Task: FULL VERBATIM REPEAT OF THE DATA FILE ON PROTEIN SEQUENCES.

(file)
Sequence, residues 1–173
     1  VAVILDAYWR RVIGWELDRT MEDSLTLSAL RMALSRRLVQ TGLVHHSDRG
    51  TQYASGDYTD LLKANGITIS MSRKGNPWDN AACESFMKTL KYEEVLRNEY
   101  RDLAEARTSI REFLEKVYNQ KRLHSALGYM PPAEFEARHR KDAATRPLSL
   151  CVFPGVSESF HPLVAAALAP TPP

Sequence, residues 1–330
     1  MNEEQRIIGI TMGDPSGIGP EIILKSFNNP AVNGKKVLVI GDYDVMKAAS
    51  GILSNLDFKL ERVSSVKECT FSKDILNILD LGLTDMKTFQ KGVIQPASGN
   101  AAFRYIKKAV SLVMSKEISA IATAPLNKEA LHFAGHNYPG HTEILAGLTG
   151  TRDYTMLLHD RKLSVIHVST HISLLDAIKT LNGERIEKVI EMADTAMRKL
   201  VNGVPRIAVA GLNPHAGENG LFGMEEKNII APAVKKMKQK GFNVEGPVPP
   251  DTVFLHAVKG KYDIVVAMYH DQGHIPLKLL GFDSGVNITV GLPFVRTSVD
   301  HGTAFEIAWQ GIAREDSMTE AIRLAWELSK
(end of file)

Sequence, residues 1–173
     1  VAVILDAYWR RVIGWELDRT MEDSLTLSAL RMALSRRLVQ TGLVHHSDRG
    51  TQYASGDYTD LLKANGITIS MSRKGNPWDN AACESFMKTL KYEEVLRNEY
   101  RDLAEARTSI REFLEKVYNQ KRLHSALGYM PPAEFEARHR KDAATRPLSL
   151  CVFPGVSESF HPLVAAALAP TPP

Sequence, residues 1–330
     1  MNEEQRIIGI TMGDPSGIGP EIILKSFNNP AVNGKKVLVI GDYDVMKAAS
    51  GILSNLDFKL ERVSSVKECT FSKDILNILD LGLTDMKTFQ KGVIQPASGN
   101  AAFRYIKKAV SLVMSKEISA IATAPLNKEA LHFAGHNYPG HTEILAGLTG
   151  TRDYTMLLHD RKLSVIHVST HISLLDAIKT LNGERIEKVI EMADTAMRKL
   201  VNGVPRIAVA GLNPHAGENG LFGMEEKNII APAVKKMKQK GFNVEGPVPP
   251  DTVFLHAVKG KYDIVVAMYH DQGHIPLKLL GFDSGVNITV GLPFVRTSVD
   301  HGTAFEIAWQ GIAREDSMTE AIRLAWELSK